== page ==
Caskets are optional at Larkspur Conservation in Sumner County.

By Meghan Overdeep
March 16, 2018
Southern Living Larkspur Conservation Natural Burial
Credit: Larkspur Conservation

Set on 112 acres of serene rolling hills in Sumner County, Tennessee, Larkspur Conservation at Taylor Hollow isn't your average cemetery.

There are no rows of tombstones, no soaring monuments, and no cut flowers. The burial ground at Larkspur Conservation is for natural burials only. Here, caskets, makeup and clothing are optional, and hearses are futile. Bodies are laid in shallow— 3.5 to 4 feet deep—graves and left to decompose safely and naturally in the rich soil, free of harmful embalming chemicals.

The nonprofit, set to open this spring, is the brainchild of John Christian Phifer and Becca Stevens. Phifer, who serves as the project's executive director, grew up with "Mother Nature as his babysitter" on a farm in West Tennessee. After 15 years working as a funeral director, he quit to pursue a more mindful approach to handling death.

The hope for Larkspur, Tennessee's first conservation burial ground, is that it will provide families with a more peaceful and environmentally friendly place to lay their loved ones to rest. "People [who] choose to be buried in this area are the people who want wildflowers blooming on their grave and butterflies fluttering about," Phifer told NPR.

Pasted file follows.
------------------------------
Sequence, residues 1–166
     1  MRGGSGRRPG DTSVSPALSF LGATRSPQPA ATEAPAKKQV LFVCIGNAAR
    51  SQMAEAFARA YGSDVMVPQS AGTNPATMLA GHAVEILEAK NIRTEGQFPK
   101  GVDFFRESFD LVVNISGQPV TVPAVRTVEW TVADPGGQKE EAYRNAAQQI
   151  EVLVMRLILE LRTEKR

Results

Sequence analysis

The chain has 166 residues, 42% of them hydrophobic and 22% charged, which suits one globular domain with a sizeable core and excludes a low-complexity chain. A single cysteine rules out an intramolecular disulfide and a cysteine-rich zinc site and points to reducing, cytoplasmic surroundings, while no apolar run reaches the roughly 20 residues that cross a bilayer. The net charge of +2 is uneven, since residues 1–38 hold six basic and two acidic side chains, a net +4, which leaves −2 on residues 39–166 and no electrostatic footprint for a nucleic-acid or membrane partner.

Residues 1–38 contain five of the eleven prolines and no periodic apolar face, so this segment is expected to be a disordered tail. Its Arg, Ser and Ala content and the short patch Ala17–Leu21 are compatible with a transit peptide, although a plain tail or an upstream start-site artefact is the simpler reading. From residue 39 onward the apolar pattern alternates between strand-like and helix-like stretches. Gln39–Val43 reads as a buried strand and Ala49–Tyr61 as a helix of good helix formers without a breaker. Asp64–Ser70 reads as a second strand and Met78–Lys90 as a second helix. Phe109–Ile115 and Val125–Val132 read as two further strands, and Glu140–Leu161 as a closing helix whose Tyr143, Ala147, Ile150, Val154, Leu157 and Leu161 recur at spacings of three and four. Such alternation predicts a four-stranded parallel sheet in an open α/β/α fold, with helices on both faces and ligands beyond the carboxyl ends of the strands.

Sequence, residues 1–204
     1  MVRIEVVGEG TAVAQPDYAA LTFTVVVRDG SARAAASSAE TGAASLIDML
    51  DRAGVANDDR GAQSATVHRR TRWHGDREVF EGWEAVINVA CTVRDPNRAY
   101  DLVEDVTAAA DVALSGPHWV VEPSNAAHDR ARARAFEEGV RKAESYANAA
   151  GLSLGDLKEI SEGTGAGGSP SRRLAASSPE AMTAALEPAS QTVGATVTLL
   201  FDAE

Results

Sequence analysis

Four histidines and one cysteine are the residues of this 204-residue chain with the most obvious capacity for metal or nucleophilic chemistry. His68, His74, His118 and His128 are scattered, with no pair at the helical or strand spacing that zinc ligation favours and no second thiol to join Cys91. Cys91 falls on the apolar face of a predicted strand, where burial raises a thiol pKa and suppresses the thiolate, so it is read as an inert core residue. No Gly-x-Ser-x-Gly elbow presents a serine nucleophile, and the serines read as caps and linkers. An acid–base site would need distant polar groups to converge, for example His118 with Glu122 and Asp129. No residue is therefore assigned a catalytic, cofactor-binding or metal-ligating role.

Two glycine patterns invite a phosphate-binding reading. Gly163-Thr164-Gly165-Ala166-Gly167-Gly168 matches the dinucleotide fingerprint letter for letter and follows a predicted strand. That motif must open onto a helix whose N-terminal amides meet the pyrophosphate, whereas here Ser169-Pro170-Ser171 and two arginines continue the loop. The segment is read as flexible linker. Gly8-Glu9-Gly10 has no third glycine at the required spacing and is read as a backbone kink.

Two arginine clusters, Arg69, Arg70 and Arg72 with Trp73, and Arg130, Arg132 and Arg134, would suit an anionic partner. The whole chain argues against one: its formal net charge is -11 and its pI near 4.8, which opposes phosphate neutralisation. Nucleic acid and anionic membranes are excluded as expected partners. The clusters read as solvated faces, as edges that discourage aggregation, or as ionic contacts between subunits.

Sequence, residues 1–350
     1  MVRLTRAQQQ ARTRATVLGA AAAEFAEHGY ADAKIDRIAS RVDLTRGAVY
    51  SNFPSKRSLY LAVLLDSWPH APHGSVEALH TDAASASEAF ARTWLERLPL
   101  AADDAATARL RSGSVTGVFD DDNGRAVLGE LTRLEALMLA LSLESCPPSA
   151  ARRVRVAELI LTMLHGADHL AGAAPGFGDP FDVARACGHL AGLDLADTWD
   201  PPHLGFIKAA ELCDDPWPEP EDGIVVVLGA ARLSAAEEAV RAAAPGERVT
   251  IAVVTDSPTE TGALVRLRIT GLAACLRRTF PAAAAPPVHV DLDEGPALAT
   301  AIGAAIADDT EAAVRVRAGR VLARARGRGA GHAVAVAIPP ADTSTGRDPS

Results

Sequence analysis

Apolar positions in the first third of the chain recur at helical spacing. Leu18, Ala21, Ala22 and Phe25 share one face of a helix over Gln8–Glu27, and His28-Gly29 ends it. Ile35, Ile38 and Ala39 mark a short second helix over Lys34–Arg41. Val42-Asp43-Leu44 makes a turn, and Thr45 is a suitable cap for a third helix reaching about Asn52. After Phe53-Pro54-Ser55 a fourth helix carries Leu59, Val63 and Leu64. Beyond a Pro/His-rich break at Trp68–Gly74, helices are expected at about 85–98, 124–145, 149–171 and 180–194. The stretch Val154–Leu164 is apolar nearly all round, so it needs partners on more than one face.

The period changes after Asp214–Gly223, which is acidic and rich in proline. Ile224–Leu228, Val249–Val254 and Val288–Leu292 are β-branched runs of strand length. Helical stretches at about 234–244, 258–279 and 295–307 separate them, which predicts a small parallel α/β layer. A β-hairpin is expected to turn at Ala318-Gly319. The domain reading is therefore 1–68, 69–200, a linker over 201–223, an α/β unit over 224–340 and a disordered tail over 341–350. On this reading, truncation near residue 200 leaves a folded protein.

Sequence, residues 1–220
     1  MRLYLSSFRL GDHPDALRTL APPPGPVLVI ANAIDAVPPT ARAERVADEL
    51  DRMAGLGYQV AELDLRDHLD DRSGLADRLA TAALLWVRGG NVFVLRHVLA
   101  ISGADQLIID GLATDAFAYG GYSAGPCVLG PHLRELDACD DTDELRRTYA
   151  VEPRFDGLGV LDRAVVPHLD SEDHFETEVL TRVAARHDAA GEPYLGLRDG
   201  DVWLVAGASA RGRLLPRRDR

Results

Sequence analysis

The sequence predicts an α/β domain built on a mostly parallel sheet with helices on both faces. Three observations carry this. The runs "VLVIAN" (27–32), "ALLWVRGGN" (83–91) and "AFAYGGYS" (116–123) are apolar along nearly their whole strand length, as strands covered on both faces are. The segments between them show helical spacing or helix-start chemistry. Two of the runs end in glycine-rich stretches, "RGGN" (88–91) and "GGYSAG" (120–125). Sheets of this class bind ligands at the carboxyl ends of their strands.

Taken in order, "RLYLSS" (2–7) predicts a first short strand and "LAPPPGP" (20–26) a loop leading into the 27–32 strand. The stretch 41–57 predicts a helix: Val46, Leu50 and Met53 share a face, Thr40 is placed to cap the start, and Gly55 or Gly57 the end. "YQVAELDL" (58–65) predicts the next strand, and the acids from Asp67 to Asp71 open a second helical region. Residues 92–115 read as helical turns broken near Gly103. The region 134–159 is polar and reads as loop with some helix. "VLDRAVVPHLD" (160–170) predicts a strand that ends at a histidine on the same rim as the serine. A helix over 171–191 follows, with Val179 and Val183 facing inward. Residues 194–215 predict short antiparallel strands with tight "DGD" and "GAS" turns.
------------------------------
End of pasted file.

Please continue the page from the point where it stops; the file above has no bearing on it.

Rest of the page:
Stevens, an Episcopal priest and social entrepreneur in Nashville, who came up with the idea for Larkspur, told NPR she had long been bothered by the high cost of funerals.

"We need a place to bury like this, where it's your body in the ground — and all the stuff that they developed around all these false rituals that cost people money, and it feels so distant — it just felt like it needed to be simpler, more healing." she says. "We should be able to remember somebody's life and celebrate it and grieve them and do that without thinking, 'And I'm going broke.'"

NPR spoke with 62-year-old Josephine Darwin, a ninth-generation Nashvillian, who has decided to be buried at Larkspur instead of the same small cemetery as the rest of her family.

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"When my ancestors first were buried in the cemetery in Nashville, it was wild and peaceful," she told NPR. "But now, as Nashville has grown, their plots overlook a very, very busy road. I know that's not what they would like. It's definitely not what I want."

All it took was one visit to Larkspur to convince her that it was a better answer.

"I love the quiet, I love that it's a wildlife refuge, and I love that no one for any generation will be surrounded by concrete or fake flowers," Darwin added.